Having received his inheritance, the son leaves his father's house and sets off for a far country (which represents life in this fallen world lived apart from God). Once he arrives, the son gives himself over to a life of riotous living--wine, women and songs. But because he doesn't get a job and has no source of income, he very soon finds himself completely broke. In spiritual terms, he does not strive to acquire those virtues necessary for salvation, that is, "treasure in heaven." To make matters worse, there arises a famine in that country so that there is nothing to eat, even if one had the money to buy it. So it is with the frivolous pleasures of this world: they soon leave us spiritually starving, since we are no longer receiving the sustenance of God's grace.

He's so destitute that he's finally forced to take a job, feeding corn husks to a local farmer's swine. Apparently this isn't much of a job, though, since he is not even allowed to eat a portion of the husks. In this dire state, he finally "comes to himself." (That is, he repents). He realizes how foolish he was to leave the security of this father's house. After all, even his father's servants have more than enough to eat and a roof over their heads. So he decides then and there that he will return to his father and ask to become one of his hired servants. He carefully rehearses what he will say to his father and sets off.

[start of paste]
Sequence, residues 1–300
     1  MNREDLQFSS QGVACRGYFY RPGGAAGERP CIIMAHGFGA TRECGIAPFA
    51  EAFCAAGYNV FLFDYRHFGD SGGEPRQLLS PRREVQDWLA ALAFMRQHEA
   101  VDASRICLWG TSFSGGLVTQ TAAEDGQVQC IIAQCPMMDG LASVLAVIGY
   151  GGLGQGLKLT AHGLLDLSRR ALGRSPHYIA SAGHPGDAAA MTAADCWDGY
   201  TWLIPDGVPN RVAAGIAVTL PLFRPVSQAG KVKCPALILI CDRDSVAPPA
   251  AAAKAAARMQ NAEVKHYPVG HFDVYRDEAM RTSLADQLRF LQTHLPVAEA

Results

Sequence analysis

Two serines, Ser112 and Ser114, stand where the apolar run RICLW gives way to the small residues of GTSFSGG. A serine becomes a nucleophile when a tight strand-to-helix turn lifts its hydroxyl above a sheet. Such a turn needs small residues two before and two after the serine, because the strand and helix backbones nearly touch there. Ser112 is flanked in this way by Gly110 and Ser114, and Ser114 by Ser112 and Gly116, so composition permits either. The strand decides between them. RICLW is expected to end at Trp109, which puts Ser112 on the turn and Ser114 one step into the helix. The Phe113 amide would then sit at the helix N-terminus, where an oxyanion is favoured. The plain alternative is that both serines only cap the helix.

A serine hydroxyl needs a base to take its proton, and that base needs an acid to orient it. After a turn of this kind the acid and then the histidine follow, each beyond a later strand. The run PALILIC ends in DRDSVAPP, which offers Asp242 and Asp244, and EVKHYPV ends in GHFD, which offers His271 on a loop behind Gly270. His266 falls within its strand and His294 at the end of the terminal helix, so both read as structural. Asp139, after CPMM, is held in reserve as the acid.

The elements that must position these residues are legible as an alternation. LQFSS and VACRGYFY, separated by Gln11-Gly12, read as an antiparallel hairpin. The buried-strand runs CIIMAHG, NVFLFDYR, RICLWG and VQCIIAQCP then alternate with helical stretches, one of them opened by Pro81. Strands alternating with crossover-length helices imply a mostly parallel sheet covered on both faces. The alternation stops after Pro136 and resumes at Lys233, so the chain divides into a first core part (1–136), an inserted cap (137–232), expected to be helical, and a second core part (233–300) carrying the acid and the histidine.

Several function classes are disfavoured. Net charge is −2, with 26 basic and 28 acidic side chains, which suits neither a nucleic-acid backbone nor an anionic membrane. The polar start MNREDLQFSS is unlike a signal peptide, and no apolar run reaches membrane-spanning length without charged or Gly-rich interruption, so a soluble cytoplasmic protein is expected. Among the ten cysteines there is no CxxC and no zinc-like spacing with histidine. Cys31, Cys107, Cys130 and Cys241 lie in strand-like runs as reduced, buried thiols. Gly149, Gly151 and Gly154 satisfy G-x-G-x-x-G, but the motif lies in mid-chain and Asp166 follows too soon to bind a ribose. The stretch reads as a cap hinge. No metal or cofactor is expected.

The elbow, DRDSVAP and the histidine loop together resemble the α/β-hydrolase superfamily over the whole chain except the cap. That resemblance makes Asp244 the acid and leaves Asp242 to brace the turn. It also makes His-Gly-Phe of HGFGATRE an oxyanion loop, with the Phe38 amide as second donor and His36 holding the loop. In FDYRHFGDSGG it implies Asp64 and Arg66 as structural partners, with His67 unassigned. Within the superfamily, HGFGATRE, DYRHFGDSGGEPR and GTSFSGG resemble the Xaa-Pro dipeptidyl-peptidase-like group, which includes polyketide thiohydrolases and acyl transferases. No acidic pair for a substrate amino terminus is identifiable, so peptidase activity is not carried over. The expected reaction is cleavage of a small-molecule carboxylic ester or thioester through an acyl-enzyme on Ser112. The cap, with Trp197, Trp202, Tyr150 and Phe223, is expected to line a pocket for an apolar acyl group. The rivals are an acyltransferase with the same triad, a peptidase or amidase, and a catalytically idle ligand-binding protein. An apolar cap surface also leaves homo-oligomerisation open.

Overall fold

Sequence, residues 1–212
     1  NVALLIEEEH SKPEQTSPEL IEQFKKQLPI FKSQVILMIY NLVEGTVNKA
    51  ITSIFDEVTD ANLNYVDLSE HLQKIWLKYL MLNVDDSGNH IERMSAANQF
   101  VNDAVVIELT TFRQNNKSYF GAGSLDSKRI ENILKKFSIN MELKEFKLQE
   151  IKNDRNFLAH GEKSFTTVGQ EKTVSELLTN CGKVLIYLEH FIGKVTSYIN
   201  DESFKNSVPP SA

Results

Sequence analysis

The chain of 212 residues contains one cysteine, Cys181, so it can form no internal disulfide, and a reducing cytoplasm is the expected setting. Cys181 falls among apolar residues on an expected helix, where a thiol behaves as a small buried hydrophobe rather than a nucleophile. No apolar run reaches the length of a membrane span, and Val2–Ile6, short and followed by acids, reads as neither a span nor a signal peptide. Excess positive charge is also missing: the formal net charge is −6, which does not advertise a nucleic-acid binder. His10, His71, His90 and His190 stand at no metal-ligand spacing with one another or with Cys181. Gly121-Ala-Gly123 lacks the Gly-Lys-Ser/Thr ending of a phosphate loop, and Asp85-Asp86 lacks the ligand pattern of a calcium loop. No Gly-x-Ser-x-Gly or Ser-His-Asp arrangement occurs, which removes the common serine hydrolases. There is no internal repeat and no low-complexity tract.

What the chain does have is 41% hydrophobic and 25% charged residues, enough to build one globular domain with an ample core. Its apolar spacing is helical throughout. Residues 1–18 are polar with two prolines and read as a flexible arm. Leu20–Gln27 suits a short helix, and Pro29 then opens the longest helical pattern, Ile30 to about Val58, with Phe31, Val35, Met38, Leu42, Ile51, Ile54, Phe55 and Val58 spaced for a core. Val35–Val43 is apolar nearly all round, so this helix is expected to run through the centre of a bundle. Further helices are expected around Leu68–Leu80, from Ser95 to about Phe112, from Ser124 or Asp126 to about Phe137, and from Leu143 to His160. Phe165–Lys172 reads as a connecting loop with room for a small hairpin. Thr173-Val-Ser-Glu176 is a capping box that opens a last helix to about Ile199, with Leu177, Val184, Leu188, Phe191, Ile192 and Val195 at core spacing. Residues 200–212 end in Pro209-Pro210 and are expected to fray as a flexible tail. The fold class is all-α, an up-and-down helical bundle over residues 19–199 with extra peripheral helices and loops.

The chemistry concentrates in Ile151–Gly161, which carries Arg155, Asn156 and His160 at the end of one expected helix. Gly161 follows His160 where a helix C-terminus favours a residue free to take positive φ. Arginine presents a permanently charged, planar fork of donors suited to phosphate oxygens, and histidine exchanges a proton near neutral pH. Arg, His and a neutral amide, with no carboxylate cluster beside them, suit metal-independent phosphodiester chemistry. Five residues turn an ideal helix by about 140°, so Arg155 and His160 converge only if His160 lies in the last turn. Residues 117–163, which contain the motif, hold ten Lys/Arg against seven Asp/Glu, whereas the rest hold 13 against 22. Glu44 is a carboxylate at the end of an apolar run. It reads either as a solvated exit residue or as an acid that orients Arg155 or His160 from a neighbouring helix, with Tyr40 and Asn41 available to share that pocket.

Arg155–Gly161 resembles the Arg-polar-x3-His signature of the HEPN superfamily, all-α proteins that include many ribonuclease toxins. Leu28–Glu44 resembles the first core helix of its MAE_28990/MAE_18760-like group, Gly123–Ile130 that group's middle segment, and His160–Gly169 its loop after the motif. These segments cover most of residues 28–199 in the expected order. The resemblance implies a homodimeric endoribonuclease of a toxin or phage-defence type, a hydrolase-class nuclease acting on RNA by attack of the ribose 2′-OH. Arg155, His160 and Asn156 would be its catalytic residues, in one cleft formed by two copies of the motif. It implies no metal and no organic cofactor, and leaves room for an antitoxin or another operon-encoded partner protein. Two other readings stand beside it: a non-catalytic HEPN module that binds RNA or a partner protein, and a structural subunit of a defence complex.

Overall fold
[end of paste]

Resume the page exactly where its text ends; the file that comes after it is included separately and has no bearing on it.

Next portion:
But when he is still a good distance from the house, the father sees him approaching and runs to greet him with a warm and loving embrace. Finally the son addresses his father with the words he had rehearsed, but the father reacts as though he hasn't even heard him. He orders his servants to honor his son and to organize a party to celebrate the son's return.

Now such unconditional acceptance was totally unexpected, and is in fact unlikely to occur in this fallen world. The mind of God, however, does not operate on the same level as ours. God's ways are not our ways. In Him there is no calculation, no remembrance of wrongs, no desire for revenge or reservations concerning the "worthiness" of a person. In Him there is no past to "remember," only the eternal present in which he encounters each unique person face to face. For in God the are no emotions, only a consuming love and a desire for the salvation of all His children.

The point is, we are all called to put on the mind of Christ, to strive to relate to others as God relates to us. Every one of us is a prodigal, but if we sincerely repent and resolve in our hearts to return to our heavenly homeland, God will meet us more than half way and treat us as though we had never left his presence. Indeed, there is more joy in heaven over a single sinner who repents than over ninety nine righteous ones. True, we may well have to suffer certain natural consequences for our time of riotous living, but God Himself doesn't punish us, nor is His love for us in any way diminished.

So then, if God receives prodigals such as us with such unconditional love, how can we not forgive and forget the sins and offenses of an erring brother? And if he repents, shall we not joyfully embrace him and celebrate his return?